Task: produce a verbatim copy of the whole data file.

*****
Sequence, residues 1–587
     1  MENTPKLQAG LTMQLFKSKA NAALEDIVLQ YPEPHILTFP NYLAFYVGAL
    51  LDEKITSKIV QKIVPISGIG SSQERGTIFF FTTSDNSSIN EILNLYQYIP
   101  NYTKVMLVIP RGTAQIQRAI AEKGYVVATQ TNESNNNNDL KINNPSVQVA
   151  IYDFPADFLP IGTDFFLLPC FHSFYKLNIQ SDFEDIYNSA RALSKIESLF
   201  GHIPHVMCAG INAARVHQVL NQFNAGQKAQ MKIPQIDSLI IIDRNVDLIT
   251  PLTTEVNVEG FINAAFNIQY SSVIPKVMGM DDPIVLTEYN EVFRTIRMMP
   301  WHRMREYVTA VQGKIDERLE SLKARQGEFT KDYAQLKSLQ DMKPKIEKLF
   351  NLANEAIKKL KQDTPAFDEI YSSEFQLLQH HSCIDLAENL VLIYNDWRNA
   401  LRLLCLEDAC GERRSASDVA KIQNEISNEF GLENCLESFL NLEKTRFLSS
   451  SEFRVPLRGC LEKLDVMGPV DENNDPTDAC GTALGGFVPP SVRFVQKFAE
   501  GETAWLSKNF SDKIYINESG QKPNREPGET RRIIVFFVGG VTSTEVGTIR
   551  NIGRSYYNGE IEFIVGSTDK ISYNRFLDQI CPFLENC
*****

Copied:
Sequence, residues 1–587
     1  MENTPKLQAG LTMQLFKSKA NAALEDIVLQ YPEPHILTFP NYLAFYVGAL
    51  LDEKITSKIV QKIVPISGIG SSQERGTIFF FTTSDNSSIN EILNLYQYIP
   101  NYTKVMLVIP RGTAQIQRAI AEKGYVVATQ TNESNNNNDL KINNPSVQVA
   151  IYDFPADFLP IGTDFFLLPC FHSFYKLNIQ SDFEDIYNSA RALSKIESLF
   201  GHIPHVMCAG INAARVHQVL NQFNAGQKAQ MKIPQIDSLI IIDRNVDLIT
   251  PLTTEVNVEG FINAAFNIQY SSVIPKVMGM DDPIVLTEYN EVFRTIRMMP
   301  WHRMREYVTA VQGKIDERLE SLKARQGEFT KDYAQLKSLQ DMKPKIEKLF
   351  NLANEAIKKL KQDTPAFDEI YSSEFQLLQH HSCIDLAENL VLIYNDWRNA
   401  LRLLCLEDAC GERRSASDVA KIQNEISNEF GLENCLESFL NLEKTRFLSS
   451  SEFRVPLRGC LEKLDVMGPV DENNDPTDAC GTALGGFVPP SVRFVQKFAE
   501  GETAWLSKNF SDKIYINESG QKPNREPGET RRIIVFFVGG VTSTEVGTIR
   551  NIGRSYYNGE IEFIVGSTDK ISYNRFLDQI CPFLENC